Add a top U.S. financial regulator to the list of people concerned that lightly policed cryptocurrency markets make easy targets for manipulators.
Warding off market cheaters in digital currencies is among the Securities and Exchange Commission’s major concerns as it monitors those assets, according to Brett Redfearn, head of the regulator’s Division of Trading and Markets.
“We are concerned about a lot of the issues around manipulation, whether it’s spoofing, or any other forms of market manipulation that are out there,” he said Thursday at an event in New York. “ Spoofing, front running, wash trading, pump-and-dump, insider trading — there’s a question of, how are they being watched out for?”
Few cops are currently on the beat watching for rigging, in part because regulators are still trying to work out who’s responsible for what and also because it’s not clear they can do much until the exchanges register with them. Cameron and Tyler Winklevoss, who run the Gemini exchange for Bitcoin and Ether, recently proposed that the industry start self-policing to help fill in the vacuum.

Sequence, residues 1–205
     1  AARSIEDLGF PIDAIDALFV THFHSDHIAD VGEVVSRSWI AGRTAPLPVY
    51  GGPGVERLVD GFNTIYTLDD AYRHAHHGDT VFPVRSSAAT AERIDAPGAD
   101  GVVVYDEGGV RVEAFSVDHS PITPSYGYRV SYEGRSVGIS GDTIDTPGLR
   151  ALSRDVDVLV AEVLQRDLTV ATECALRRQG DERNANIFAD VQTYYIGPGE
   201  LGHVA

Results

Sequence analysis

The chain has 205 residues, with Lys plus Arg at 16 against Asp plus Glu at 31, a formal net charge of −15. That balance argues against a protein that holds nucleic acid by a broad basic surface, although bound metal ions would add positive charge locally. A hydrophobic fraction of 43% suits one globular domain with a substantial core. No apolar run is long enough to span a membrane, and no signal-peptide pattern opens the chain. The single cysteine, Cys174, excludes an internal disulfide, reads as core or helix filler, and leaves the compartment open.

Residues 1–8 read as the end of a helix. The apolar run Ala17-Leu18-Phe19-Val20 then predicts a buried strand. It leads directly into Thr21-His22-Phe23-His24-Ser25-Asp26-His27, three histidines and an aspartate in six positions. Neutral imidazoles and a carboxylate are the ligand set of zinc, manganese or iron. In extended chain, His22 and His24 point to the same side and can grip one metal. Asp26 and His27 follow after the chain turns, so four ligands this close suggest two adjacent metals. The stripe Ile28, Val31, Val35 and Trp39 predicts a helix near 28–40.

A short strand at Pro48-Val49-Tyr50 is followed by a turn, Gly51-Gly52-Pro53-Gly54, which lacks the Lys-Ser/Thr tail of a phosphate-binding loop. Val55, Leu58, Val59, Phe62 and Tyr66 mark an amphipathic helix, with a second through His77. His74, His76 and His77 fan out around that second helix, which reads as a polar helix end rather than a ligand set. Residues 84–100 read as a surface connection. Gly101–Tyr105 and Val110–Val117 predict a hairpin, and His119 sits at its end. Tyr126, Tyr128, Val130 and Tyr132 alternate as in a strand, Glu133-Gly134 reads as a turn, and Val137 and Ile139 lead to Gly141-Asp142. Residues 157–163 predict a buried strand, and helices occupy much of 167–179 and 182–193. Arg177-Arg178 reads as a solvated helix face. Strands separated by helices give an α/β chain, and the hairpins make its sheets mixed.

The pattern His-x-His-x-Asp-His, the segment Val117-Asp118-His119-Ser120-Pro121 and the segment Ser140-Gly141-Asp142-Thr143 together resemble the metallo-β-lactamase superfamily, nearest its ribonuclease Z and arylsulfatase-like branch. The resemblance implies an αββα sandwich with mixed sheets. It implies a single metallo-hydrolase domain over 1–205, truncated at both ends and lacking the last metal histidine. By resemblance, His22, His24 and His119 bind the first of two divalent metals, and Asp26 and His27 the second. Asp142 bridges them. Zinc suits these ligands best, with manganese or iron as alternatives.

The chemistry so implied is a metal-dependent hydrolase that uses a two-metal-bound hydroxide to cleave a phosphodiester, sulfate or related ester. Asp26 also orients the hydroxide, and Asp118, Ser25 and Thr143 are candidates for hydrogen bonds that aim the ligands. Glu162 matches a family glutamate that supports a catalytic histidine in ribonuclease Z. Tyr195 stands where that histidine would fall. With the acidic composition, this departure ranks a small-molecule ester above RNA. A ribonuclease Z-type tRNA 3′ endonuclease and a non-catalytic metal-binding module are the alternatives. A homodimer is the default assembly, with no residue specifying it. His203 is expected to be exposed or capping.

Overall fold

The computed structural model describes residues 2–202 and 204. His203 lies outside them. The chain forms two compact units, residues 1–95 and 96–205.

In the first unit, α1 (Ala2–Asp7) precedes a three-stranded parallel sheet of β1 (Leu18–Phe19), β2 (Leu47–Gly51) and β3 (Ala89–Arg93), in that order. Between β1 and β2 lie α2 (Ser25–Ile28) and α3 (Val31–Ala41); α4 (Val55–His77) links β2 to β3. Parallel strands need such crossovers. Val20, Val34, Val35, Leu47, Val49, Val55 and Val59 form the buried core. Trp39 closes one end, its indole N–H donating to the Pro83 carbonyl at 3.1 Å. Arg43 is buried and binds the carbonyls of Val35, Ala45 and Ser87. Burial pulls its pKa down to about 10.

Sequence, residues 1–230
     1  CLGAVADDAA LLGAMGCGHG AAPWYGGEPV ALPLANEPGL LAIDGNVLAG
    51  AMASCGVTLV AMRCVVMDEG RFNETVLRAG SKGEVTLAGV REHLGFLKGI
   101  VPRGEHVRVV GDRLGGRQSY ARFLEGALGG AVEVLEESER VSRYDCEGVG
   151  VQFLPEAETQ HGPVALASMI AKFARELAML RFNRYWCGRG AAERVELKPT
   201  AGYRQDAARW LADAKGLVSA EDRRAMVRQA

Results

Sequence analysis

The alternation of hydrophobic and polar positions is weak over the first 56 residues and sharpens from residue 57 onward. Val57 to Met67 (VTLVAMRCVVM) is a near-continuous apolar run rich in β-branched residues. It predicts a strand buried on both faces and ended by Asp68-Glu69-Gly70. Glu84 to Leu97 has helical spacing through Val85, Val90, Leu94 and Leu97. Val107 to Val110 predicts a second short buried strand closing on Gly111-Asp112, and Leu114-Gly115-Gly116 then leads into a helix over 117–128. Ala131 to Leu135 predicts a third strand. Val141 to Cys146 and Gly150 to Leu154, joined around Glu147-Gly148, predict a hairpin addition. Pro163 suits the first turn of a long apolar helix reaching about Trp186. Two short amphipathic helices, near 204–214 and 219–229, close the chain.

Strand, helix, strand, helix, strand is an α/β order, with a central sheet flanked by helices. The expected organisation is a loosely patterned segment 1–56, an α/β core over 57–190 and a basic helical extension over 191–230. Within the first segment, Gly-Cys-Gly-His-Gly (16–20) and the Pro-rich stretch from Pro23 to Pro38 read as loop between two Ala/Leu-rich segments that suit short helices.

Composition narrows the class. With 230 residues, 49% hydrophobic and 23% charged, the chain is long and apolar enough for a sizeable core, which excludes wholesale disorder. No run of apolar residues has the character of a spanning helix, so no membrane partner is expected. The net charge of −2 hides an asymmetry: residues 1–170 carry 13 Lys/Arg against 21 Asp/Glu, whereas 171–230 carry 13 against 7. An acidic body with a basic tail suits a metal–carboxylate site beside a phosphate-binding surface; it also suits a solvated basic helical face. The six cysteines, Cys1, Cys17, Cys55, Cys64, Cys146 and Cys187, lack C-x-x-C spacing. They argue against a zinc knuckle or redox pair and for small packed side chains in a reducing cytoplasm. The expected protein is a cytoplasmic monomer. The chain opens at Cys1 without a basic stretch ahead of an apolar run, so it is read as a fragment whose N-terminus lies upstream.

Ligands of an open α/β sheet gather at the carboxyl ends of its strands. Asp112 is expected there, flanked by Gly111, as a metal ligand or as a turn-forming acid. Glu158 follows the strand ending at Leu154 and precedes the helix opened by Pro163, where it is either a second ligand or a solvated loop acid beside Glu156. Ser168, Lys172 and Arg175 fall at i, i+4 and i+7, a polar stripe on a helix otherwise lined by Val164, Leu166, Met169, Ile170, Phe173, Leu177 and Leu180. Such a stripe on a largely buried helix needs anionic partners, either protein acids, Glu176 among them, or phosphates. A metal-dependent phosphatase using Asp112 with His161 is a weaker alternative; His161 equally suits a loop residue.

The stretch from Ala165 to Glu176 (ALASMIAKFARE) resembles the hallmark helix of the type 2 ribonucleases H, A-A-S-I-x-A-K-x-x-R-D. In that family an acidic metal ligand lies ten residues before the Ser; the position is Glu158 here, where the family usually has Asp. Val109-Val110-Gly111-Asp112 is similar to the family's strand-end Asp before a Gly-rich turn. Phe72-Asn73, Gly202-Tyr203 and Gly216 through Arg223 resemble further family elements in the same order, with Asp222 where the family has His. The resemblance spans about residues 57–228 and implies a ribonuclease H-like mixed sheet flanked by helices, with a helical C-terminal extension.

U.S. regulators are grappling with the “Wild West” of trading digital assets including Bitcoin, Ether and digital tokens. The SEC is examining a range of businesses in the nascent industry, including initial coin offerings — or digital token sales that allow buyers to take a stake in companies — as well as cryptocurrency-focused hedge funds and trading venues.
The trading behaviors Redfearn mentioned are all banned in traditional financial markets — ways of fooling the market about the right price for securities and pocketing ill-gotten gains or, in the case of insider trading, making a trading decision based on non-public information. While laws around these kinds of activities are clear when it comes to trading traditional securities, in cryptocurrencies the lines appear to be blurred.
Other priorities when it comes to digital assets include preventing fraud, money laundering and theft, Redfearn said. He compared the nascent industry to the early days of electronic equity trading in the U.S., when certain rules were still unclear and electronic platforms weren’t all linked to one another. Regulators eventually stepped in to create new rules around how trading should happen in the new landscape.
“There was a lot of evolution that had to take place,” Redfearn said. “And there’s no doubt in my mind that there’s more evolution that needs to take place in this space.” — Bloomberg